The story of Capt. Richard Chorlins, a Jewish war hero from St. Louis


Richard D. Chorlins on the ladder of a U.S. Air Force jet.

Jordan Palmer, Chief Digital Content Officer

As visitors wind through the new 4,500-square-foot exhibit, “Vietnam: At War & At Home,” they may stop at a small, encased display focusing on the United States Air Force. Included in this display are a Distinguished Flying Cross medal set and a photograph of the pilot who earned it, Captain Richard Chorlins.

But what many may not know, or possibly have forgotten is that Capt. Chorlins is a Jewish St. Louis war hero.

Captain Richard Chorlins

Richard David Chorlins was born on July 16, 1945, in University City. He graduated from U. City High School in 1963 and went on to the U.S. Air Force Academy. He graduated from the academy in 1967 with a bachelor’s degree in economics. He made the superintendent’s list for five semesters and the dean’s list for academic achievement for seven of his eight semesters at the academy.

According to the Air Force, in 1970, then-1st Lt. Chorlins was assigned to the 602nd Special Operations Squadron at Nakhon Phanom, Thailand. On Jan. 11, his A-1H Skyraider was struck by ground fire and crashed into a mountain during a night mission over the Ho Chi Minh Trail in Laos. Chorlins’ death was officially confirmed on Jan. 13, and he was posthumously promoted to captain on Jan. 14.

Because his flight was part of secret American missions over Laos, Chorlins’ remains were not returned to the United States until 2003. It took another decade to confirm they were his.

“Richard Chorlins story is somewhat typical for many Vietnam-era Missing-In-Action servicemembers,” said Mike Venso, the military and firearms curator at the Missouri History Museum. “It often took years to finally confirm identities of remains that frequently took months or years to recover after the individual was listed as missing.”

When his remains were identified in 2013, it would take another two years before he could be buried. His family posted his obituary in the St. Louis Jewish Light on April 3, 2015. Chorlins was to be buried in the USAFA Cemetery in Colorado Springs.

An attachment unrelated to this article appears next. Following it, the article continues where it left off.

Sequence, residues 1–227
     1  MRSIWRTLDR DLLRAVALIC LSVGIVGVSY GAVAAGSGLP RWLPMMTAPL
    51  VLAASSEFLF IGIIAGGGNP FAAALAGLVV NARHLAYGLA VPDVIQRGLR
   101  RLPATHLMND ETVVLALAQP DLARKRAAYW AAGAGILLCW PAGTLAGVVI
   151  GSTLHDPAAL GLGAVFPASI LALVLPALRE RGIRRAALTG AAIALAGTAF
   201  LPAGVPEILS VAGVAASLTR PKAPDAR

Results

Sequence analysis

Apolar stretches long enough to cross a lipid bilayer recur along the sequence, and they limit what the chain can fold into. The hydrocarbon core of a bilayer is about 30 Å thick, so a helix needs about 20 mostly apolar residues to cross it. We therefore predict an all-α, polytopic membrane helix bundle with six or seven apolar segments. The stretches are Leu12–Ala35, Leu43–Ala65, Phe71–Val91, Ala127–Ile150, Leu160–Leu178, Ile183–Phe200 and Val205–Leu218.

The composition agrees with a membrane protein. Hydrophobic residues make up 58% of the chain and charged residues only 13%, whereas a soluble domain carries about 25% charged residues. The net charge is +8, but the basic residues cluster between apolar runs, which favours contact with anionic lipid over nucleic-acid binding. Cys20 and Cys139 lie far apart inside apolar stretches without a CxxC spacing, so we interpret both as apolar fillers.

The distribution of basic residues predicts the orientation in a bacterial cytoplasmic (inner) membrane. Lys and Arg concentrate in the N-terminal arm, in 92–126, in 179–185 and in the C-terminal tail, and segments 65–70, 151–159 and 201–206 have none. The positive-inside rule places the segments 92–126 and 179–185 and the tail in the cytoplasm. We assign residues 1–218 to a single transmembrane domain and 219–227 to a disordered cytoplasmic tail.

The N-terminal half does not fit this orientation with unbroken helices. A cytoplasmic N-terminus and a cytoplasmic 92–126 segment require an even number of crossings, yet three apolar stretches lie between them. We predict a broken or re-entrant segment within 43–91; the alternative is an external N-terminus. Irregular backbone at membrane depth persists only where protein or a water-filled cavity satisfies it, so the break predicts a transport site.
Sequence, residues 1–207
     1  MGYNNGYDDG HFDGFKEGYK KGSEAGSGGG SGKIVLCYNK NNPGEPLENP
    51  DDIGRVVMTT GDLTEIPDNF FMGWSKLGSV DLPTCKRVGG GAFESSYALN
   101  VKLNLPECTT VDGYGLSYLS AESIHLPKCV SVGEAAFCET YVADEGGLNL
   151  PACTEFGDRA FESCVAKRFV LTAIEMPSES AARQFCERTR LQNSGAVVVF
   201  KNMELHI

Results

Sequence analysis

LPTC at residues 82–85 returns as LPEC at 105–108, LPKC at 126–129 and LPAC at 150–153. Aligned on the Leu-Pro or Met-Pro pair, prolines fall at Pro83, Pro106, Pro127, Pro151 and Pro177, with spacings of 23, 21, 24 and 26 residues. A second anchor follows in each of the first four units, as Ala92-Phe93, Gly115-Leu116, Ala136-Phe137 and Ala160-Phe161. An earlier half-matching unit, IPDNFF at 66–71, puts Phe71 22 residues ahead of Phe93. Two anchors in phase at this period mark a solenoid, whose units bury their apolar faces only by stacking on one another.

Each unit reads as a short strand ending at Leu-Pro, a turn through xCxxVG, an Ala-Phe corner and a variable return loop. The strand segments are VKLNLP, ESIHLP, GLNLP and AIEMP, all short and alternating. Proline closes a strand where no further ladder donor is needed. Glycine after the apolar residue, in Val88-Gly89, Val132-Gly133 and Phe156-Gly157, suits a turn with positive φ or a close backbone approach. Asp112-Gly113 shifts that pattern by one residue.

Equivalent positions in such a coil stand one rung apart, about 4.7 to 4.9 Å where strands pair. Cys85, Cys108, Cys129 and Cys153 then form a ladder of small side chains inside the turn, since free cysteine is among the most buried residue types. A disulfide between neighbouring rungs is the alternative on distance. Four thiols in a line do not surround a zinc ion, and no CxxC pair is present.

“Six academy pallbearers carried a wooden casket shrouded with an American flag as they marched under a cloudless sky Tuesday morning,” reported Stephen Hobbs on April 15th for the Colorado Gazette. “They took seven steps, paused and took seven more steps. The ritual was repeated until the processional had halted seven times on its way to the resting place for Capt. Richard David Chorlins in a Jewish burial custom to express grief and prolong saying goodbye.”

Dennis Cooper, who graduated from University City High School with Chorlins in 1963, attended the funeral in 2015.

Now an ophthalmologist in Scottsdale, Ariz., Cooper said he rescheduled his patients’ appointments so he could honor his high school acquaintance.

“For 45 years we’ve wondered what happened to Richard,” Cooper said. “I’m so glad he’s back.”

More honors for Chorlins

Chorlins’ sacrifice has been honored across the United States. His name appears on the Vietnam Memorial Wall in Washington (Panel 14W, Line 25) and on the Air Force Academy’s War Memorial.

Each year during pre-graduation festivities at the Air Force Academy, the Outstanding Cadet in Behavioral Sciences and Leadership Award is presented in memory of Capt. Chorlins. This award is sponsored by the National Ladies Auxiliary and the Jewish War Veterans of the United States of America, Inc.

Inside The Exhibit

The Distinguished Flying Cross medal was donated to the Missouri History Museum by CPT. Chorlins’ sister Toby Keane. Keane donated it along with a number of other artifacts and all have been on display for many years in the Reflections Gallery.

“Currently, you can see his Distinguished Flying Cross medal set and a photograph (reproduction) of Richard by one of his planes.  In the coming months, we will be rotating more medals as well as a service cap, garrison/flight cap, and his “party” flight suit into the exhibit,” said Venso.

Soldiers Memorial Military Museum is open Wednesday through Sunday, 10:00 am to 5:00 pm. Admission to Soldiers Memorial and ‘Vietnam: At War & At Home is freeVietnam: At War & At Home is open through May 27, 2024.